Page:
By Mike Tuchscherer
Have you ever had this situation? You’re training, improving, and everything is going great. Then, you come into the gym one day and your strength is down by a lot – something like 5-10%. If it were just a bad day, then you’d expect the next session to be back to normal. But the next session isn’t back to normal. At best, it’s just a marginal improvement. You don’t think it’s fatigue because you feel fine – you even feel normal. Subjective indicators of fatigue, even objective ones like HRV, aren’t showing an accumulation of training stress. Read more…
RTS for Bodybuilding
Bodybuilders and Powerlifters have not historically gotten along very well. Although the relationship strain seems to be mostly limited to internet forums, it’s interesting nonetheless. The thing is we can learn a lot from each other just by looking.
I like to think of myself as observant of trends in iron sports. Training in general is fascinating to me, so it’s always enjoyable for me to watch how things develop and evolve over time. Whether it be the way Olympic lifting ebbs and flows in and out of favor for training athletes, or the way that foam rolling first gained popularity and is now becoming almost cliché, it’s interesting to watch. One trend I’ve noticed lately is that bodybuilders are beginning to train more like powerlifters and are showing good results because of it. Additionally, powerlifters are beginning to have a more balanced approach (similar to bodybuilders), and also seem to be benefitting from it. This simply highlights the fact that we can learn from one another. Read more…
How I Became a Powerlifting Coach
By Josh Rohr
I had never really considered the possibility of personal training and helping people as a profession. I grew up on a dairy farm in a small town in Northeast Ohio, working in the barns before school in -10 degree weather during the winters. I guess I always just figured that I would be a farmer when I got older.
My freshmen year of high school I really got interested in football, mostly because I saw the guys in the weight room working out and noticed how big and strong they were. My sophomore year, I decided to play football for the first time. I was way behind the learning curve but I loved it. I learned a lot about the game and myself. I also learned a lot about weight training and I started learning some of the things I had been doing wrong. Read more…
Pendulums swing to and fro. That’s what pendulums do. I see another pendulum swinging lately and this one has to do with exercise specificity. Not long ago, the pendulum was as far away from specificity as it gets. Lots of lifters and popular writers talked about what assistance exercises drove their lifts the most. In powerlifting, you had guys who never actually trained the contest lifts, yet did all manner of other lifts with varying degrees of non-specificity. I’ll admit that at one time I bought into this, but I’m happy to say I was impressionable at the time and have since grown out of it.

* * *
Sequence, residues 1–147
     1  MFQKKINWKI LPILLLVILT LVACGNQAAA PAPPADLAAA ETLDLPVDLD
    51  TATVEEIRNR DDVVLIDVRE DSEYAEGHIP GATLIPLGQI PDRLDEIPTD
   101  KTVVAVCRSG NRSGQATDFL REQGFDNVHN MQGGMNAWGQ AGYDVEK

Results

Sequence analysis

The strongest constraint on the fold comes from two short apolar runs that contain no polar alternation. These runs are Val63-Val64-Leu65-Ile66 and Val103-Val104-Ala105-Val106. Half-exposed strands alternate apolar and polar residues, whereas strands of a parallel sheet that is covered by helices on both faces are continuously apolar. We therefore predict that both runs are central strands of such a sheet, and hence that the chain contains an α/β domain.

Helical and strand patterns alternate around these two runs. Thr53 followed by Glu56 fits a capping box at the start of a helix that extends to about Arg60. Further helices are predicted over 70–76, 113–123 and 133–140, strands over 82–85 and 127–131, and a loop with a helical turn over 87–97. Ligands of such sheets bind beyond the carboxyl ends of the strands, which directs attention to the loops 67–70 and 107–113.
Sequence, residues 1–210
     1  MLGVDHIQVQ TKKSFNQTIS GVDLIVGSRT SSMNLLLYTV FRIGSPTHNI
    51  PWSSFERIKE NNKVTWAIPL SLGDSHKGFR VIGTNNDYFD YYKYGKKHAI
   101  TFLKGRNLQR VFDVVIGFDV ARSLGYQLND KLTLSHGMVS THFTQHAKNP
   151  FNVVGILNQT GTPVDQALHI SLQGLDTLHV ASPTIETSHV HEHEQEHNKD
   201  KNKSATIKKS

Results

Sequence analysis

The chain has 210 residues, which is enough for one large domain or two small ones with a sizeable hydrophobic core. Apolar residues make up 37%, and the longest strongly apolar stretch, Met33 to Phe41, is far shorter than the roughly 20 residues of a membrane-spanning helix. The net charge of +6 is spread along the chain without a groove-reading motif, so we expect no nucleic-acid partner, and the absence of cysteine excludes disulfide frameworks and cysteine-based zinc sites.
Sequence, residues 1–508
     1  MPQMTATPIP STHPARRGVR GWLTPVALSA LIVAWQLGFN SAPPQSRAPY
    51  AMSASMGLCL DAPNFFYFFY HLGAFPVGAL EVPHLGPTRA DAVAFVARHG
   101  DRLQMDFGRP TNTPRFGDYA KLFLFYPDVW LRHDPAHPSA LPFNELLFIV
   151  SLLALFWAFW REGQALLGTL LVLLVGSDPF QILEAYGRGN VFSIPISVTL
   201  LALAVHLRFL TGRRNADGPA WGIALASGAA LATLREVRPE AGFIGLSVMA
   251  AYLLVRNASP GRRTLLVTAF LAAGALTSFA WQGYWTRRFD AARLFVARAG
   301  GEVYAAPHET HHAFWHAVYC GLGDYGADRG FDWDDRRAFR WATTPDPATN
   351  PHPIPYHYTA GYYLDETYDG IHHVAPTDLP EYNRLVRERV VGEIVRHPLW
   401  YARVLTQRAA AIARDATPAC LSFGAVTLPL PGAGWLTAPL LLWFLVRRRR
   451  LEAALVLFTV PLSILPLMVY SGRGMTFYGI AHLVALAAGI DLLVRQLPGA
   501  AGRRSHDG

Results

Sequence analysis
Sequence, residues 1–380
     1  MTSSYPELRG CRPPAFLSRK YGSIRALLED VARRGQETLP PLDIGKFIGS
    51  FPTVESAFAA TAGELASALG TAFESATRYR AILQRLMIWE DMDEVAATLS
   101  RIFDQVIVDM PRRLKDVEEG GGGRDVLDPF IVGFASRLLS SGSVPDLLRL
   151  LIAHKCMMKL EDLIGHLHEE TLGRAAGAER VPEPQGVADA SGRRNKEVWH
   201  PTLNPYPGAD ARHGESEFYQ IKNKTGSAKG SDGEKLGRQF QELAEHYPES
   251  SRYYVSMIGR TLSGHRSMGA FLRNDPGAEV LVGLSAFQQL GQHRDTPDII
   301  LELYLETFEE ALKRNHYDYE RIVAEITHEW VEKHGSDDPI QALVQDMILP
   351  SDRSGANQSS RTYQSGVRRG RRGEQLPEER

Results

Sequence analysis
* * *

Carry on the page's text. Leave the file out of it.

Contrast that with what we see growing in popularity over the last couple of years. There has been a resurgent popularity in the SAID principle (specific adaptation to imposed demands). By in large I would say this is a very good thing, but like all things it can be taken too far. Some lifters are even ahead of this current trend and train only in hyper-specific ways (for example, ONLY perform their contest lifts and perform them using extreme loads at all times). The pendulum is swinging in this direction more, so I expect this to grow even more in popularity before it stops.
For as long as I’ve been lifting weights (and probably a lot longer than that), “Long Term Planning” has been eschewed and neglected by powerlifters – especially the typical non-professional-coach type, but even by some prominent professional coaches. The thing is successful coaches see the benefits (and also the limitations) of long term planning, so they put it in its proper place – much to the benefit of their athletes.
I make it no secret that I greatly respect Norwegian Powerlifting coach Dietmar Wolf. In 2013, his most prominent lifter, Carl Yngvar Christiansen (CYC for short), placed 2nd at the IPF World Championships – only 12kg behind the winner. Now, by all accounts this is a fantastic performance, but some of CYC’s lifts looked quite easy. After the meet, there was quite a bit of discussion about, “why didn’t he go for it?” Someone had heard that CYC had a minor injury and the Norwegian coaches wanted to play it safe. Still some of my friends questioned the call saying, “When you’re there, you’ve gotta take the shot!”
The thing is I see where they are coming from, but I also know Dietmar Wolf a little bit having spoken with him on several occasions. I know that he likes to consider the long term view of things. His goal is to take the athlete to their genetic potential, which is a 10+ year vision, not a 10 minute vision. Lo and behold, after playing it safe at the 2013 championship (and avoiding injury), CYC came back in 2014 to crush the competition by 200kg, set a World Record Squat and Total, and also hit the highest Wilks of any lifter in the IPF. Score one for long term vision. Read more…